Slippery Elm in Bloom

Color is slowly easing back into the deciduous woods.  Branches that were bare all winter are beginning to show the subtle reds, greens and yellows of early blooming trees and shrubs.

Slippery Elm (Ulmus rubra) in Bloom

Slippery Elm (Ulmus rubra) in Bloom

Slippery Elm (Ulmus rubra) is among the early flowering trees, often blooming sometime in March.  Before blooming, its rusty colored, fuzzy-hairy flower buds are visible throughout winter.

Slippery Elm (Ulmus rubra) Buds

Slippery Elm (Ulmus rubra) Buds

Slippery Elm blooms before its leaves appear, making it easier for the wind to carry Slippery Elm’s pollen to another flower, helping this species to achieve successful pollination. Wind pollination is a good evolutionary adaptation for an early blooming tree, since wind is a more reliable pollination partner in the usually cool blustery days of March than insects are.  (Although this spring is exceptionally warm in the Northeastern United States!)

Slippery Elm (Ulmus rubra) in Bloom

Slippery Elm (Ulmus rubra) in Bloom

Flowers that are successfully pollinated produce fruits that many birds eat, including Carolina Chickadees, Rose-breasted Grosbeaks, and Purple Finches.

Female Purple Finch. Purple Finches are among the birds that eat elm seeds

Female Purple Finch. Purple Finches are among the birds that eat elm seeds

Squirrels and other small mammals also eat Slippery Elm seeds.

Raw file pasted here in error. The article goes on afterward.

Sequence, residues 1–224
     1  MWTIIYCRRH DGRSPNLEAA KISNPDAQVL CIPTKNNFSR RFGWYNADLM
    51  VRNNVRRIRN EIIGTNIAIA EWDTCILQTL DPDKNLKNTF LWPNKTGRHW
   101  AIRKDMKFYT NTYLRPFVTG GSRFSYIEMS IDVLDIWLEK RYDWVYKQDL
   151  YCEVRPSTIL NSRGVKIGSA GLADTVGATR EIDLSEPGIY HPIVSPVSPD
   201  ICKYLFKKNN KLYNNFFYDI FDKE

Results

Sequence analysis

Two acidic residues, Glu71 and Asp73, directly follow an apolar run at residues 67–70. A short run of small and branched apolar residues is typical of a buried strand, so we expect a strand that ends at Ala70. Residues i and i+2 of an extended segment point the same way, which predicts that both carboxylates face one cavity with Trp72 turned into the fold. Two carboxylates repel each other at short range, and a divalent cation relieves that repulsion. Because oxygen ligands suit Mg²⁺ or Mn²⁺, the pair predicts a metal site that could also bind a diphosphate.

Red Squirrel - a consumer of elm seeds

Red Squirrel – a consumer of elm seeds

Slippery Elm leaves are large and rough, with distinctly toothed edges.

Slippery Elm Leaf

Slippery Elm Leaf

These leaves provide food for many insects that in turn provide pollination services for other plants, or food for other animals. Over 200 species of butterfly and moth caterpillars (Leipidoptera), including those of Mourning Cloak, Question Mark and Eastern Comma butterflies and Polyphemous moths may eat the leaves of Slippery Elm and its close relatives.

Eastern Comma Butterfly

Eastern Comma Butterfly

Polyphemus Moth caterpillar, looking for a place to pupate. What a plump, juicy treat for a hungry bird!

Polyphemus Moth caterpillar, looking for a place to pupate. What a plump, juicy treat for a hungry bird!

Birds depend on these insects as protein for themselves and their growing offspring.

Male Black-throated Blue Warbler. Warblers, Chickadees, Titmice and most other birds depend on insects for a large percentage of their diet.

Cavity nesting birds or small mammals may find a suitable home site in Slippery Elm, while other birds, like Baltimore Orioles, may build their nests in its branches.

Natural cavity in a Slippery Elm. Some strings of nest material are draped below the opening.

Natural cavity in a Slippery Elm. Some strings of nest material are draped below the opening.

Slippery Elm gets its name from its inner bark (the phloem) which is part of the vascular system that transports food throughout the tree. Slippery Elm’s inner bark is mucilaginous (thick, sticky) and fibrous.  Indigenous North American peoples used the inner bark fibers to make rope or other cordage.

Slippery Elm’s inner bark has also been used to make a tea that is easy to digest and high in nutrients; it was given to people who had difficulty consuming food. The inner bark was also dried and ground to make a flour high in nutritional value.